SCC: Next UK Government Must Act to Open Up Opportunity for Business
Published 19 May 2017With three weeks to go until the UK General Election, one of the most important issues for Scottish businesses will be the next Government’s approach to taxation. This week, Scottish Chambers of Commerce has called for the new administration’s first Budget to take decisive action to reduce key taxes to ease the burden of business costs and promote investment and growth. Liz Cameron, Chief Executive of Scottish Chambers of Commerce, said:
“With Scottish businesses facing the prospect of rising inflation and weak consumer demand, the threats to our economic growth, which lags behind that of the UK as a whole, are readily apparent. However, Government has the opportunity to develop policies which will help shape a more fruitful business environment where businesses are freed up to invest for new opportunities, future growth, and new jobs.
“One of the current challenges many businesses are facing is that of rising costs through higher prices and through government legislation on pensions, the National Living Wage and the Apprenticeship Levy. By tackling some of businesses’ fixed costs, this could help to free up valuable resources for business investment and job creation.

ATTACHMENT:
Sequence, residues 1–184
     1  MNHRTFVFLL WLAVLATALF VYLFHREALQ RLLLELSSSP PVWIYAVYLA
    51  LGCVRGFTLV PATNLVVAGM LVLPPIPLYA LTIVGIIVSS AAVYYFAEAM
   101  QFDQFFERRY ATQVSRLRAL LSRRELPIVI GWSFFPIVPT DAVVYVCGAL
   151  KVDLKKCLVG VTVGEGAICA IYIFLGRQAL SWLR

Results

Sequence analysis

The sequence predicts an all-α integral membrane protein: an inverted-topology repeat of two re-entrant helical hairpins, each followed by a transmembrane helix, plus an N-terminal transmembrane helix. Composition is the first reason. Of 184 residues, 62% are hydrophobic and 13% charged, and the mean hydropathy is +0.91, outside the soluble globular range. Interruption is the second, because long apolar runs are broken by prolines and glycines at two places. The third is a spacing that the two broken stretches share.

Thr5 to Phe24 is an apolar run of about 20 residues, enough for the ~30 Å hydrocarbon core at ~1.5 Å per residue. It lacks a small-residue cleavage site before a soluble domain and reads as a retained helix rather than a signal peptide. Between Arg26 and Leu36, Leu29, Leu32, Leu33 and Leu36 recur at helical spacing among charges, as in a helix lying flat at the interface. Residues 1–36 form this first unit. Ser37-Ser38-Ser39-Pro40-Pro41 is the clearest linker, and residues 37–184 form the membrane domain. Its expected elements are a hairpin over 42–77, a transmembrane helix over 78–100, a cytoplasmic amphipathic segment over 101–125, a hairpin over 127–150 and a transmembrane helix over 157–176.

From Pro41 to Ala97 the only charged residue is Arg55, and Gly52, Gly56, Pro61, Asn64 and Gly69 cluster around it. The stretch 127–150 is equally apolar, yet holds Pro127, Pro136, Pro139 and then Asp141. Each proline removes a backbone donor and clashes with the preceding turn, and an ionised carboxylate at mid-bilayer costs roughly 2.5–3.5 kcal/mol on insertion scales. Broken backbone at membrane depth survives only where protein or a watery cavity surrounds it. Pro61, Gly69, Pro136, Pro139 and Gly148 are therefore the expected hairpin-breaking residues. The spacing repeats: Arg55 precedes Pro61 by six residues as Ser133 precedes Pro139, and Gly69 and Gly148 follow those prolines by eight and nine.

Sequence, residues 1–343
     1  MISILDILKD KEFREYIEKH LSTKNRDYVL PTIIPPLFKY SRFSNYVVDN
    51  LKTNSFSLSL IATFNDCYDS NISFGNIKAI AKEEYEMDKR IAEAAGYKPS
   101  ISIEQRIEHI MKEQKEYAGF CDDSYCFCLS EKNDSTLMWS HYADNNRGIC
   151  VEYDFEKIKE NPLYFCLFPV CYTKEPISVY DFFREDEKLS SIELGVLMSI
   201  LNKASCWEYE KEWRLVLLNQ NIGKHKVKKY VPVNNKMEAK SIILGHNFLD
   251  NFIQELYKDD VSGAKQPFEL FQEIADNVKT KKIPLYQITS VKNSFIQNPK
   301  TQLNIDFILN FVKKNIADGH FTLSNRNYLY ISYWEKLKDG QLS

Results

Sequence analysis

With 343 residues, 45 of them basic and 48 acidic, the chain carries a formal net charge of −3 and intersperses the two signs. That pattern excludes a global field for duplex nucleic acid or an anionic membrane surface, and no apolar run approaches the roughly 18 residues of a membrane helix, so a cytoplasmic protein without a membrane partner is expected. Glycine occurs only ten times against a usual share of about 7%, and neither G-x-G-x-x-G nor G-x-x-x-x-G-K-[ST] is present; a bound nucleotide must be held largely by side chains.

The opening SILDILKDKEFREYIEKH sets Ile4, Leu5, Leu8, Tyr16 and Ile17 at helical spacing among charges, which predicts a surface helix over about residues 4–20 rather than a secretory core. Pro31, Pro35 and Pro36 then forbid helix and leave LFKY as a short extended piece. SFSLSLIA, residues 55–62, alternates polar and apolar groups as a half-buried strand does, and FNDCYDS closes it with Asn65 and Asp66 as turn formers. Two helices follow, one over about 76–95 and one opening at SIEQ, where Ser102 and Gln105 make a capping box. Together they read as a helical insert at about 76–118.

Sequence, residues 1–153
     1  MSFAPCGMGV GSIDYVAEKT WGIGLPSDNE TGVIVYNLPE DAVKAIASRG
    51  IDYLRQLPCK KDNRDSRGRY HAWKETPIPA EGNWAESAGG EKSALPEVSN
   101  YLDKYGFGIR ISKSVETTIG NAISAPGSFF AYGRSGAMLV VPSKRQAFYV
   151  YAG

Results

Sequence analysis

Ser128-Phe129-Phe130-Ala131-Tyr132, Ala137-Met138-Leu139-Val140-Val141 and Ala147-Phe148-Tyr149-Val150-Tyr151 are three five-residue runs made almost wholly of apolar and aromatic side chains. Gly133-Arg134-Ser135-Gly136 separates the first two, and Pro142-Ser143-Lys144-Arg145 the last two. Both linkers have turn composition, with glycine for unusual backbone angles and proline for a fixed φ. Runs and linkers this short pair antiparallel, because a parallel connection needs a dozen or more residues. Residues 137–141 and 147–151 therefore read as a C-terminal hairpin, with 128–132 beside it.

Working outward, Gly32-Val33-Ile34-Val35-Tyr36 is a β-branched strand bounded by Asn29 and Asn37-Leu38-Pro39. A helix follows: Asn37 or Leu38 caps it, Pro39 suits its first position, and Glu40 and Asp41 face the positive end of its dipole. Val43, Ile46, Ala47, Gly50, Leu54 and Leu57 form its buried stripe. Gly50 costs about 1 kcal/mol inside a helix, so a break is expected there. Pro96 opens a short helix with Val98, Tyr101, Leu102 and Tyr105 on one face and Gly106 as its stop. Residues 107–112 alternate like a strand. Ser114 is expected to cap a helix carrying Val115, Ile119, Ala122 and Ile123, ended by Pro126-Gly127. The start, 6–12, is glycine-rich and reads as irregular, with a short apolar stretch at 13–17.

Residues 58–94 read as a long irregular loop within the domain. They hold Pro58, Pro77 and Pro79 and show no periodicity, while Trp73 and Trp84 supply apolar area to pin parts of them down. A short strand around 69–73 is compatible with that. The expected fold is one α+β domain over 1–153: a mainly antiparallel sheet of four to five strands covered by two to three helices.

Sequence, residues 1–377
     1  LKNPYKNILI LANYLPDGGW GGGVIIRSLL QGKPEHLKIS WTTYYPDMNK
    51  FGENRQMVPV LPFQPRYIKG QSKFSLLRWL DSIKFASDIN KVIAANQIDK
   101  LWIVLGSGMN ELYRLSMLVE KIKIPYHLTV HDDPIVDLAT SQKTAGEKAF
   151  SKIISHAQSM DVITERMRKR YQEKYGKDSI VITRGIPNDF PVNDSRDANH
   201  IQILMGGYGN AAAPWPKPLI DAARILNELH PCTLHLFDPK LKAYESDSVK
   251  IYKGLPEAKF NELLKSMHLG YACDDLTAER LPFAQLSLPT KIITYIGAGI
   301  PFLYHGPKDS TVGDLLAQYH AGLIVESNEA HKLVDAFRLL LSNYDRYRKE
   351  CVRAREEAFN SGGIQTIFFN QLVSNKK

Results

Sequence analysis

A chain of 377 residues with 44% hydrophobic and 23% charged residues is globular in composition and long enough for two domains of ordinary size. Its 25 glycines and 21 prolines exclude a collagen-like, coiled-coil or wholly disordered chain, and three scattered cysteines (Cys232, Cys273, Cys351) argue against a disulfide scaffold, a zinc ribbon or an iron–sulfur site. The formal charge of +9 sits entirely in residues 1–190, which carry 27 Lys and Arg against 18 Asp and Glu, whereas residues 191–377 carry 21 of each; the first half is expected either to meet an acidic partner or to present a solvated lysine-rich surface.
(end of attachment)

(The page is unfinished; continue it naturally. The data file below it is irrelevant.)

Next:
“That is why we believe that the UK Government must target reductions in business rates, rather than Corporation Tax, in order to produce the biggest boost to the largest number of businesses. Whilst this is a tax that is devolved to Scotland, clear strategic action on business rates in England would assist the Scottish Government in delivering long overdue restructuring of this tax north of the border.
“At a national level, a temporary reduction in the rate of VAT, last implemented in 2008-09, may also be a useful tool to tackle rising costs, whilst at the same time encouraging a boost in consumer demand, which has been the major driver of growth in the Scottish economy. In addition, the permanent reduction in VAT to 5% for tourism and hospitality activities would bring the UK into line with the vast majority of other European nations and deliver a timely boost in competitiveness to one of our most important and iconic sectors.
“A closer and more productive working relationship between the UK and Scottish Governments could also make possible co-ordinated action between reserved and devolved activities, for example to incentivise and reward in-work training through the National Insurance Contribution system. Scotland may have two Governments but they must work together more effectively to deliver the right results for business.”